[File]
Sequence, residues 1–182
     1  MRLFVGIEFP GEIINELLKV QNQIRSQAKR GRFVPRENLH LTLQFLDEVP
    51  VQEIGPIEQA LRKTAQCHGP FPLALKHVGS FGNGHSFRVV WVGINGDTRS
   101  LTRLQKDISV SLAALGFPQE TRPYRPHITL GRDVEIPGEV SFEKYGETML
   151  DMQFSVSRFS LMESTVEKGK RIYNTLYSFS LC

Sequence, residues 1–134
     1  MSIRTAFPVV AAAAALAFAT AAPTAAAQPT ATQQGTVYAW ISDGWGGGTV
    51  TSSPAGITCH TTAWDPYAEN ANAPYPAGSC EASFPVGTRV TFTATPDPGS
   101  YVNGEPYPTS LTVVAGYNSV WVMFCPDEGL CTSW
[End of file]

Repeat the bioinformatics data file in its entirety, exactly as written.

Sequence, residues 1–182
     1  MRLFVGIEFP GEIINELLKV QNQIRSQAKR GRFVPRENLH LTLQFLDEVP
    51  VQEIGPIEQA LRKTAQCHGP FPLALKHVGS FGNGHSFRVV WVGINGDTRS
   101  LTRLQKDISV SLAALGFPQE TRPYRPHITL GRDVEIPGEV SFEKYGETML
   151  DMQFSVSRFS LMESTVEKGK RIYNTLYSFS LC

Sequence, residues 1–134
     1  MSIRTAFPVV AAAAALAFAT AAPTAAAQPT ATQQGTVYAW ISDGWGGGTV
    51  TSSPAGITCH TTAWDPYAEN ANAPYPAGSC EASFPVGTRV TFTATPDPGS
   101  YVNGEPYPTS LTVVAGYNSV WVMFCPDEGL CTSW